The Kings have been the NBA’s longest enduring sitcom since taking over for the Donald Sterling Clippers in 2014, and alternating with the Clips before that. They have tested the patience of their fans so many times in so many ways that they are best suited to understand and roll with Cousins’ many walks into the woods.

So yes, this deal will make perfectly mutated sense to them. The money is absurd, the length is nerve-wracking, and it makes him all that much harder to move if either he or they weary of each other, but it screams Boogiedom. In fact, make that sentence read, “And as a result of all those things, it screams Boogiedom.”

Besides, and this is a question for those few poeple who are not diehard Kings fans, would you care about the Kings at all if not for Cousins?

Let me help you with that a bit. No. You wouldn’t.

Thus, he is worth every one of Ranadive’s dimes he can collect, all two-billion of them. May he never be traded, and may he never ask for a trade. And even if they try, and even if he does ask, may it never happen. This is a marriage made in the Bizarro World, and when he retires, the Kings must retire him in their rafters at the Golden 1.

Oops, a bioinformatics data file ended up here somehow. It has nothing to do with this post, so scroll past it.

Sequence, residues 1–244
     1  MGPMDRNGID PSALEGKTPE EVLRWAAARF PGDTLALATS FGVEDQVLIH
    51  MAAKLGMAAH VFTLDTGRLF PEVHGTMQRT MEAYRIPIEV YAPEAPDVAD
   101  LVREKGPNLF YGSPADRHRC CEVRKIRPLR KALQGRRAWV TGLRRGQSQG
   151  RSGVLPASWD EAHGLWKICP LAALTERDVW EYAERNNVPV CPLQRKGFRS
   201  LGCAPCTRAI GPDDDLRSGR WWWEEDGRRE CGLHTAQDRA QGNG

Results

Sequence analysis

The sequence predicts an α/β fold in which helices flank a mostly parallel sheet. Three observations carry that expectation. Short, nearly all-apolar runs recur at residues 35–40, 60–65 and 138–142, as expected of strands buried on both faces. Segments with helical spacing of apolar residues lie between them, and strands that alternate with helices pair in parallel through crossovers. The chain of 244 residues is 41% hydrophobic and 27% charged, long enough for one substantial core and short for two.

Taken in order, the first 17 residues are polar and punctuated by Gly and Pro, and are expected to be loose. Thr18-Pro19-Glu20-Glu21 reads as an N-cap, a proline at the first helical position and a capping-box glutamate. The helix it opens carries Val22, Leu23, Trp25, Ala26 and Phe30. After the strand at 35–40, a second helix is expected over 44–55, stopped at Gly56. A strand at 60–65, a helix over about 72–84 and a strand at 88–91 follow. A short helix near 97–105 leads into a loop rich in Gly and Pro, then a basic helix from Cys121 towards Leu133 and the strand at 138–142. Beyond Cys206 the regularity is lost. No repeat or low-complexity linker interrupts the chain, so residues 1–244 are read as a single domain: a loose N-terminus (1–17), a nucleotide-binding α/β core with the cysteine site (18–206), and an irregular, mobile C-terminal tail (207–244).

Not his number. Him. In the flesh. Sacramento fans would totally get it.

NBA fines Pelicans C DeMarcus Cousins for incident with fan


NBA fines Pelicans C DeMarcus Cousins for incident with fan

Former Kings center DeMarcus Cousins is in trouble with the league office again.

The NBA fined the Pelicans big man $25,000 for "directing inappropriate language towards a fan" during the final minutes of the team's season opener on Wednesday night against the Grizzlies.

The referee's heard the exchange between Cousins and the fan, and assessed a technical foul to Cousins. That technical foul was rescinded as part of the league's announcement Saturday.